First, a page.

Wallace-Wells’s book is mostly painful to read, but he ends on a positive note: “Personally, I think that climate change itself offers the most invigorating picture, in that even its cruelty flatters our sense of power, and in so doing calls the world, as one, to action.”
I hope that everybody will read this book, but to get you started here are a lots of quotes.Quotes from Yhe Uninhabitable Earth. David Wallace-Wells
Fifteen percent of all human experience throughout history, it’s been estimated, belongs to people alive right now, each walking the earth with carbon footprints.
The optimists have never, in the half century of climate anxiety we’ve already endured, been right.
“The climate system that raised us, and raised everything we now know as human culture and civilization, is now, like a parent, dead.”
If you had to invent a threat grand enough, and global enough, to plausibly conjure into being a system of true international cooperation, climate change would be it—the threat everywhere, and overwhelming, and total. And yet now, just as the need for that kind of cooperation is paramount, indeed necessary for anything like the world we know to survive, we are only unbuilding those alliances—recoiling into nationalistic corners and retreating from collective responsibility and from each other. That collapse of trust is a cascade, too.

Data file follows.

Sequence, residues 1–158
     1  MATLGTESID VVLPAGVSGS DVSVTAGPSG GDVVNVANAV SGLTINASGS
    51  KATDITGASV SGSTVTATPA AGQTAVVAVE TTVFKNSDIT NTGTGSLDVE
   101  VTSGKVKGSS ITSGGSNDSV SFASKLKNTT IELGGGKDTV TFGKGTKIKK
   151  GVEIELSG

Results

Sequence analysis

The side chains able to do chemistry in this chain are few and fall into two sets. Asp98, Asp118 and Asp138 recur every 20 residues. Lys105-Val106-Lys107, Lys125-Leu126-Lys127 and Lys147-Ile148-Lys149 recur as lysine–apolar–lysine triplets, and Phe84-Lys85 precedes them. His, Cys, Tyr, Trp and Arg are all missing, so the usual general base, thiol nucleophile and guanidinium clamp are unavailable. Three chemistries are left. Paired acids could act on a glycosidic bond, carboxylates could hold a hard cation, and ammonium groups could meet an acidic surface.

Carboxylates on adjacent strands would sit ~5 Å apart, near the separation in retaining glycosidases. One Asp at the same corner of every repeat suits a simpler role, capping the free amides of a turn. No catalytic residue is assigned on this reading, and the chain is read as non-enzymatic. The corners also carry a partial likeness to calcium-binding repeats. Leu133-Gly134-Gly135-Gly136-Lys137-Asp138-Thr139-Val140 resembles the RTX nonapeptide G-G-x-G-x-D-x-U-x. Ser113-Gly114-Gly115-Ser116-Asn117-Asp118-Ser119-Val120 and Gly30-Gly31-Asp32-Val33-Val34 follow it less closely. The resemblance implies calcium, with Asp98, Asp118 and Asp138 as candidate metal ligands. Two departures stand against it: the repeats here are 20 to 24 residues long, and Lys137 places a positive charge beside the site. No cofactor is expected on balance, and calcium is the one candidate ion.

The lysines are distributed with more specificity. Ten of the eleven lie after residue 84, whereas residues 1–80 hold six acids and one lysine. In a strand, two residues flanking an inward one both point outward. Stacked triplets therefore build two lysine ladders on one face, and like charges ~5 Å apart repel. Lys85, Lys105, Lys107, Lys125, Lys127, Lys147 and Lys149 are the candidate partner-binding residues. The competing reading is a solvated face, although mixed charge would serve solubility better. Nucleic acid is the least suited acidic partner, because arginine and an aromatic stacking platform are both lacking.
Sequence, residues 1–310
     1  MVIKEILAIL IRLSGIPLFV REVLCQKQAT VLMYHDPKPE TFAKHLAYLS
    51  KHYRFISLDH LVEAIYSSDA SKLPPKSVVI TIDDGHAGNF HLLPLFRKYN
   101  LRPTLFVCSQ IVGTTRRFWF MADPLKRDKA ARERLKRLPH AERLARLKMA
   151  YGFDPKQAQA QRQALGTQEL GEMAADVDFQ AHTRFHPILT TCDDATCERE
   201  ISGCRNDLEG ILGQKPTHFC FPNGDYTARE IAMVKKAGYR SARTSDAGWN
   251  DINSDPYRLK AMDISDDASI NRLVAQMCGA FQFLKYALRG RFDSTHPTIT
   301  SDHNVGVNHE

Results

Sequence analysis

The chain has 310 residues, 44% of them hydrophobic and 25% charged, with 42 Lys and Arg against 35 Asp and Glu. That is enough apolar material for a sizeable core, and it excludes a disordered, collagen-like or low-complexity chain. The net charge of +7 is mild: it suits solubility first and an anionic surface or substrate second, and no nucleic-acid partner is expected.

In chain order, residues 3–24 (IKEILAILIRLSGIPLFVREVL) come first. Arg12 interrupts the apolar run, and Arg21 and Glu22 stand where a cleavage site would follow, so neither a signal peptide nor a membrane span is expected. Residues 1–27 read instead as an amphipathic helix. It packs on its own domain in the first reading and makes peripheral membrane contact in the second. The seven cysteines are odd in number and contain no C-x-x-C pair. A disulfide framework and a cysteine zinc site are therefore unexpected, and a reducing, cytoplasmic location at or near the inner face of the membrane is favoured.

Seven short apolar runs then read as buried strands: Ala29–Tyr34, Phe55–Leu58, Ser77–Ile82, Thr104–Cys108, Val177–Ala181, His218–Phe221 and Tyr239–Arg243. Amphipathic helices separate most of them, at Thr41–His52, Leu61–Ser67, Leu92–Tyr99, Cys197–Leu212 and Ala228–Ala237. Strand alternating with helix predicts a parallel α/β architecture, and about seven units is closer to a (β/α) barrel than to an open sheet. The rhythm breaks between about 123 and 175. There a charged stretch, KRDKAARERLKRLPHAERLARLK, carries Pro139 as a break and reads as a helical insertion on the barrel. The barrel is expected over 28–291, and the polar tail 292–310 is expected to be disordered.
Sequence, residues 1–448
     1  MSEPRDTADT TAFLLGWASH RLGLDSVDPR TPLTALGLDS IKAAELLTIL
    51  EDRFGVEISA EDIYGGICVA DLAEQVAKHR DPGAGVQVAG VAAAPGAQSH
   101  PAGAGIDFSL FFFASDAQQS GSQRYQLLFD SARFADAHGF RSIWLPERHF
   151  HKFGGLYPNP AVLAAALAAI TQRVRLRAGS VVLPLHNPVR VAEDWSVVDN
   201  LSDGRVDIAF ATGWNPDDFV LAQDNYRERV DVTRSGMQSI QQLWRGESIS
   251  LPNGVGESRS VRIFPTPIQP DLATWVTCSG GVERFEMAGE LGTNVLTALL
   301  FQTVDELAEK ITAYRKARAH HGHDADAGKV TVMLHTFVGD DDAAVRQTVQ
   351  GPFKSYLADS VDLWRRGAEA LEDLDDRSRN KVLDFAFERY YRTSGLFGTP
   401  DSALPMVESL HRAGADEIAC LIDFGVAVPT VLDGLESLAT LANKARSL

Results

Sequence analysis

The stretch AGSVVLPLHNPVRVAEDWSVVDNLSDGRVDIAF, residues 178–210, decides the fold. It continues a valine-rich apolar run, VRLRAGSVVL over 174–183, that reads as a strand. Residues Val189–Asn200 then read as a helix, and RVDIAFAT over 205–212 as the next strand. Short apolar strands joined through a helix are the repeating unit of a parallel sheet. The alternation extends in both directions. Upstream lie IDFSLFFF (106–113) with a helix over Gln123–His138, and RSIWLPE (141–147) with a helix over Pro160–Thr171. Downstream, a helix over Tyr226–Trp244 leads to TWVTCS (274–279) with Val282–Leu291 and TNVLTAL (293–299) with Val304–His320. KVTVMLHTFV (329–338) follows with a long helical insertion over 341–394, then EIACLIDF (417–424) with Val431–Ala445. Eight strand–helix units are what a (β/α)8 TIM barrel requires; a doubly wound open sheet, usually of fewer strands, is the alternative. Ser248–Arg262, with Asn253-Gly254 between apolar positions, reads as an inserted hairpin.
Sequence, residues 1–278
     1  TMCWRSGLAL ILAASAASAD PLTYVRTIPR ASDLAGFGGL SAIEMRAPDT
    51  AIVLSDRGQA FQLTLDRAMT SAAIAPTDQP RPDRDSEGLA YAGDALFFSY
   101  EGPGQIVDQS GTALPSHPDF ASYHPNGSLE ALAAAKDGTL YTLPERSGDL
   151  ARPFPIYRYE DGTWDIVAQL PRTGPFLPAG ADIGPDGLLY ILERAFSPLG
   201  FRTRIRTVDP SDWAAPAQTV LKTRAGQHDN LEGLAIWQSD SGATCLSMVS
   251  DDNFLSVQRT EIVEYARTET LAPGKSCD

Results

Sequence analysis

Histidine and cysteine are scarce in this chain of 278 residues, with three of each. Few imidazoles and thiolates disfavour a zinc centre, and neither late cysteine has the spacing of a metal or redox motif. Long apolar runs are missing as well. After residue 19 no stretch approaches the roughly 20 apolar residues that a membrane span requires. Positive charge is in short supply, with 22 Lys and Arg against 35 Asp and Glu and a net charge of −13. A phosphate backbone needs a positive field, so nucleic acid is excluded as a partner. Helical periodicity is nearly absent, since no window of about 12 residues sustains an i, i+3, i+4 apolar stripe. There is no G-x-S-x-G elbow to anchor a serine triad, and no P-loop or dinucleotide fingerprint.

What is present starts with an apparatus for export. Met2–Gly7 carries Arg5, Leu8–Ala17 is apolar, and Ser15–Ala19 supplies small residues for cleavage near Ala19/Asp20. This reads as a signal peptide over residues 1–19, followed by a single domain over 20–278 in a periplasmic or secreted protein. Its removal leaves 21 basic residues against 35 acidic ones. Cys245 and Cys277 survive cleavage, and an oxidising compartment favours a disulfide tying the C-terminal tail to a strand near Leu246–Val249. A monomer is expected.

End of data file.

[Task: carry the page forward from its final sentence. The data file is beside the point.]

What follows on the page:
[We need] a more complete retreat from economics as an orienting beacon, and from growth as the lingua franca through which modern life launders all of its aspirations.
Those who have imbibed several centuries of Western triumphalism tend to see the story of human civilization as an inevitable conquest of the earth, rather than the saga of an insecure culture, like mould, growing haphazardly and unsurely upon it.
Three-quarters of a century since global warming was first recognized as a problem, we have made no meaningful adjustment to our production or consumption of energy to account for it and protect ourselves.
Politics has produced gestures of tremendous global solidarity and cooperation, then discarded those promises immediately.
It takes eight pounds of grain to produce just a single pound of hamburger meat, butchered from a cow that spent its life warming the planet with methane burps.